iPhone 6: The Need for Open Source

After a month of owning my iPhone 5 I am still pretty happy except in one aspect. The dock connector. While it is a necessary change that eventually had to happen, what I don’t find necessary is the need to close off the licensing of the new dock connector so third parties can’t roll out with cheaper converters and accessories. Furthermore, Why can’t Apple just publish their dock connector pin outs and bluetooth connection requirements?

Recently I bought a newer car that is just old enough not to have an aux input or an iPod connection. I have been holding out on buying an iPod stereo connection as I’ve known for a while now that Apple would be changing the dock connector. Then I got to thinking. What if I can just make a Bluetooth device that works with my existing iPhone? Why not just stream music over Bluetooth? That way I’m not tied to a dock connector and I can use any Bluetooth music player. Great! I’ve got the skills! I’ll just modify an existing stereo interface product and add a Bluetooth shield and an a small processor and I’ll be streaming music in no time. Enter Apple MFi. You can’t get details on interfacing with iPhone’s Bluetooth without becoming a developer and applying for the MFi program. So much for making my own Bluetooth device. Now my best options are paying for an older iPod interface and shelling out 30 bucks for the converter, or wait until Apple licenses the new connector. It’s unfortunate you need to be a developer to experiment with Apple technology.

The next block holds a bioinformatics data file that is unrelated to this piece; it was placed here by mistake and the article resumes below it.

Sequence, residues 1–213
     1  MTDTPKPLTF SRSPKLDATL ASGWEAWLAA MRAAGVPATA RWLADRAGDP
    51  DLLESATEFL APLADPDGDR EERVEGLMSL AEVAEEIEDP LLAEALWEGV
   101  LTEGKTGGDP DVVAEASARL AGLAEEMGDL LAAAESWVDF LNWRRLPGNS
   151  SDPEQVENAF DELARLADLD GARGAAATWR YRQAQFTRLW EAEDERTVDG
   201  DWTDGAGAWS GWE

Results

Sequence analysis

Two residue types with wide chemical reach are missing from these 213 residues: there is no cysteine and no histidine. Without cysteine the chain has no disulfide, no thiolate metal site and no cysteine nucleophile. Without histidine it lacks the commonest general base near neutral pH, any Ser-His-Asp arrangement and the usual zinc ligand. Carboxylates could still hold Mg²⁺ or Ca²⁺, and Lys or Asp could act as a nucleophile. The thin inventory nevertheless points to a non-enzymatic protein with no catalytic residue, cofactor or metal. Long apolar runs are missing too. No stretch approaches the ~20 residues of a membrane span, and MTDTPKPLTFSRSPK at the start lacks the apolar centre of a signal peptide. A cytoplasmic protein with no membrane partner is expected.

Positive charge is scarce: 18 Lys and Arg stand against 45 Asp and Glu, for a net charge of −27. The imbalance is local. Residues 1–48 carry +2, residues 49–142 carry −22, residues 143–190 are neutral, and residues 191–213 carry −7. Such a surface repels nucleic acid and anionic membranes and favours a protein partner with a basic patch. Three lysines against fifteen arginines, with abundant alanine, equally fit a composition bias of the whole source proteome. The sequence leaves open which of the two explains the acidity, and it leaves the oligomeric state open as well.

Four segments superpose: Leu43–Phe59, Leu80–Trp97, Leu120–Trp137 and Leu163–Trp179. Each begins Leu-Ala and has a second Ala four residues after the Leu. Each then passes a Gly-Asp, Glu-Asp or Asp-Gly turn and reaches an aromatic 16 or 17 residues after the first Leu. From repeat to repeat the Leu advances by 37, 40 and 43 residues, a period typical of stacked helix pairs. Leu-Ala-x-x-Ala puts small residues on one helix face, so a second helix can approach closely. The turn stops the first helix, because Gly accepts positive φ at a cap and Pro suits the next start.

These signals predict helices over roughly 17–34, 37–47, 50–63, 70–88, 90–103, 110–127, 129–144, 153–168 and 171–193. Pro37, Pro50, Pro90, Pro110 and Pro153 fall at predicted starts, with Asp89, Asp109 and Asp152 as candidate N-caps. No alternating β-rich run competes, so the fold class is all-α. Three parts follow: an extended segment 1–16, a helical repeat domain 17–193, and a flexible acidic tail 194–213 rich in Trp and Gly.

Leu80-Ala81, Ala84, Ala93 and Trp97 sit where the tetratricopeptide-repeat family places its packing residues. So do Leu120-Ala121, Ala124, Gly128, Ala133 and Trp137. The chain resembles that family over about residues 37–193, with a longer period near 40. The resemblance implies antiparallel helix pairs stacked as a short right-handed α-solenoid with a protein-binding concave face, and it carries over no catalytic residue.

For those that have run into the Car stereo Issue that I have, I think I may have found a fairly elegant solution. Now I just have to wait for one to be available:

Currently Android is the big leader when it comes to open source interfacing with their devices. There are already development boards which allow you to connect and talk to android devices over the connector or Bluetooth. While the business model works for the time being, I can’t help but think Android will eventually pull ahead when it comes to third party accessories. Sure the big players such as Sony and  Logitech will roll out with their Apple devices, but closed off standards make it difficult for hobbyist to experiment and invent.  As Kickstarter has shown, A lot of good invention can come from small time hobbyist. If more and better devices become much more available(And cheaper) on Android, consumers could start second guessing their new iPhone purchases. This seems to be a throwback of the PC vs Mac battle from the 80’s.

Conversely, I don’t think Apple has much to lose by opening up the pin out and Bluetooth standards.  Tinkerers, can experiment, and then pay Apple the fees to bring a product to market as a licensed product. I think  A big part of the iPhone success is attributed to the fact that it’s so easy to download Xcode and learn iOS for free. The model should be Develop for free then pay to license. Not the other way around. Quality control can be handled in the licensing.  For these reasons, I think there may be a good chance that iPhone 6 will impose more open standards. At least I can only hope.


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